First, the Korean words listed in (10a) seem to have been all but replaced by their loanword counterparts. The Korean words, if used at all, are now used maid y by older speakers, in reference to old-fashioned objects or ideas, or in very formal--and usually written--contexts. On the other hand, in the judgement o one native Korean speaker at least, the Korean words in f (lab) seem to be used in abut equal distribution with the loanwords and with almost exactly the same meaning. Baekhwajifm 'department store', for example, sounds no more o less appropriate r to most Korean speakers than dipatki 'department store', and both appear in print. However, many of the loanwords in this category s e to be more commonly used by younger speakers, em and thus may eventually become members of the fonner category. Other Korean lexical items appear to have been affected in other ways by the introduction of English borrowings, but do not seem to be in any danger of being totally replaced by them. The Korean words in ( 10c) seem to have become m w e r in meaning than they once were; that is, the loanwords have taken over some part of the meaning formerly covered entirely by one Korean word. For example, baeu 'actor'is no longer used to refer to a TV actor; twlItrd 'talent' is used instead. Gamjatwigim refers to all types of fried potabs, except those in the shape of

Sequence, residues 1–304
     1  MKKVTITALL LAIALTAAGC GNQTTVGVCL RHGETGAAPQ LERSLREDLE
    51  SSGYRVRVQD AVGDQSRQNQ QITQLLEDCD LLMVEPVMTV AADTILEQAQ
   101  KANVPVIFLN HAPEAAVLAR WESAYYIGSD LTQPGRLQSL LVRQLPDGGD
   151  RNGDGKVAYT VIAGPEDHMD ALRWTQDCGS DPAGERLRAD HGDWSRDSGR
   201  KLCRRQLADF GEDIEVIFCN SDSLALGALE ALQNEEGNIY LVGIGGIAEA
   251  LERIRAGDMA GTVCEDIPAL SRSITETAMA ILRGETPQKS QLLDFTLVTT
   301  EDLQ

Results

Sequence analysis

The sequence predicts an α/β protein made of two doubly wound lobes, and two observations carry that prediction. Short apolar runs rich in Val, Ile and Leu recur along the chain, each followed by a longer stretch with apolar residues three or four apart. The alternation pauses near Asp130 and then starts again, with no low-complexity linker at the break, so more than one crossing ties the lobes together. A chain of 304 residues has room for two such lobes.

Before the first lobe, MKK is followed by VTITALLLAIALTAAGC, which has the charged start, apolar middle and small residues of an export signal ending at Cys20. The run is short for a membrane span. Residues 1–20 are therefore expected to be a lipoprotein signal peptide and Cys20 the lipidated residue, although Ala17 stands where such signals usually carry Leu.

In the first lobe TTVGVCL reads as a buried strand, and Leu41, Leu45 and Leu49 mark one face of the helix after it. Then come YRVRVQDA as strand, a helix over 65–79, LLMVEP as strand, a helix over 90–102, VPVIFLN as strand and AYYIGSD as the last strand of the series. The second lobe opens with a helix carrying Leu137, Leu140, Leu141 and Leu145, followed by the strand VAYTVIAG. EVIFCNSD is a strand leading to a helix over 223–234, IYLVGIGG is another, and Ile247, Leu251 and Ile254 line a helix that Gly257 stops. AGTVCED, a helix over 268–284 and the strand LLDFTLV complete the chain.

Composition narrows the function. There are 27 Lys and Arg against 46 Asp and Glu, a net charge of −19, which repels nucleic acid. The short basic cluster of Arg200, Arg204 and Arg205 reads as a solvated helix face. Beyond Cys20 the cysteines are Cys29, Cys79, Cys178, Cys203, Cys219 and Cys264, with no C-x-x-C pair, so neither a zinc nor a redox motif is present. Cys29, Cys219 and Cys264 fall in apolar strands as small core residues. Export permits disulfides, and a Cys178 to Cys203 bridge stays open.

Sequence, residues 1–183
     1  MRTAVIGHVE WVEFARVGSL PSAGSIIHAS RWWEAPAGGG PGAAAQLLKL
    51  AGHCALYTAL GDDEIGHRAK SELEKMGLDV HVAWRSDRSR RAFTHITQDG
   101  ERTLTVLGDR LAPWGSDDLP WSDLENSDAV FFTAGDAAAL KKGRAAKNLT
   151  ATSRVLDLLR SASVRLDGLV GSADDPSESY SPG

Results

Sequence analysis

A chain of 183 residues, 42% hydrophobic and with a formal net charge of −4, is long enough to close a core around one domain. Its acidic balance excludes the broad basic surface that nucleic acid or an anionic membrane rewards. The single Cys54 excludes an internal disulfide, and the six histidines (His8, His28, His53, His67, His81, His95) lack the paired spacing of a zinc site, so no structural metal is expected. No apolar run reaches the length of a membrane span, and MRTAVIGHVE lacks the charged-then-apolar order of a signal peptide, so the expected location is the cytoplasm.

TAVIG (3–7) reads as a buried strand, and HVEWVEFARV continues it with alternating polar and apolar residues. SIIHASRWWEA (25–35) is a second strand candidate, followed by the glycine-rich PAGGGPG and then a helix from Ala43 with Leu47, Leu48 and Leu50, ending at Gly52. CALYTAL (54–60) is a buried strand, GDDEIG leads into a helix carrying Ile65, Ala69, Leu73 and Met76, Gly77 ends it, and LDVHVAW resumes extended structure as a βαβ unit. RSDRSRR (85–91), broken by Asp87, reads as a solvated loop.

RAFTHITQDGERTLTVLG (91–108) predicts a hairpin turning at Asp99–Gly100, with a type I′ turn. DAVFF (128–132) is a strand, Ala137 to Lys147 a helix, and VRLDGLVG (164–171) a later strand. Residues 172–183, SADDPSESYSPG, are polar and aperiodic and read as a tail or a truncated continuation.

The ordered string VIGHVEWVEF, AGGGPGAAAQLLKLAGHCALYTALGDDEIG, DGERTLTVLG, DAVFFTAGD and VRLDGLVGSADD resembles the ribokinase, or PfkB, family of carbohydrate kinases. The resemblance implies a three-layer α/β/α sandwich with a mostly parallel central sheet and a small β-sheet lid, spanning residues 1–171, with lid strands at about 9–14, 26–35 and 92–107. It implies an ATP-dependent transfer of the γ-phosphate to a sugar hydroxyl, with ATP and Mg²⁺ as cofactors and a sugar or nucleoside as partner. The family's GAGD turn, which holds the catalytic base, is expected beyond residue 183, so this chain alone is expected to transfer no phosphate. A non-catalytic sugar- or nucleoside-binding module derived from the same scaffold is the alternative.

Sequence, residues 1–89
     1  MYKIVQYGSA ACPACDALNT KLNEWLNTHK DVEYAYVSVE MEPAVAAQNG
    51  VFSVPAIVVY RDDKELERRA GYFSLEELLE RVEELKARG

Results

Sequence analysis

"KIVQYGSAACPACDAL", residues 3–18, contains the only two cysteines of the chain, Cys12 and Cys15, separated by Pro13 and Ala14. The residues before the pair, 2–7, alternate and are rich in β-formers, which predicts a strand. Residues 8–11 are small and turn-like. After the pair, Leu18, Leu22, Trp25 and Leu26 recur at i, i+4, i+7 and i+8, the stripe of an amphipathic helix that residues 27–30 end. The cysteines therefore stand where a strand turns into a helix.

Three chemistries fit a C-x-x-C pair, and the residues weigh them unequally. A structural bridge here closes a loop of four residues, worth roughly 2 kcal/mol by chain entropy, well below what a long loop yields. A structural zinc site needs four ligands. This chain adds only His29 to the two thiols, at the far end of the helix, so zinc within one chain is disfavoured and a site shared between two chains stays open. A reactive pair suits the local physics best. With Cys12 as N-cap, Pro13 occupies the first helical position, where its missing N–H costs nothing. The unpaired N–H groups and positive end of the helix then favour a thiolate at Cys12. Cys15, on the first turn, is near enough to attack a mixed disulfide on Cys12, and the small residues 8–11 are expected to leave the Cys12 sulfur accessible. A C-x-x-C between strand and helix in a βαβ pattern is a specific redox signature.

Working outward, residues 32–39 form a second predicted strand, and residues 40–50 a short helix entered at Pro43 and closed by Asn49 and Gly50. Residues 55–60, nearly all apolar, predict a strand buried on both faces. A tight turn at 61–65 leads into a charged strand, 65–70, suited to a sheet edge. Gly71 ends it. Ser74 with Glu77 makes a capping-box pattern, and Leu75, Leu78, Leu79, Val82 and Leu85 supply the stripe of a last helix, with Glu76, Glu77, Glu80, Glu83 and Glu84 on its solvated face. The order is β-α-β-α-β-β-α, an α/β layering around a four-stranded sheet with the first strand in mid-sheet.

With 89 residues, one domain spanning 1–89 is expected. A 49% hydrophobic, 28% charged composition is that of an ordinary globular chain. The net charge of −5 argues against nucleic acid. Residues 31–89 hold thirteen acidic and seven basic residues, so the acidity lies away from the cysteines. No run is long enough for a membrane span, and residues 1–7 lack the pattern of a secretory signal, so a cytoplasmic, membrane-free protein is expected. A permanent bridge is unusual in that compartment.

34 Rod Tygon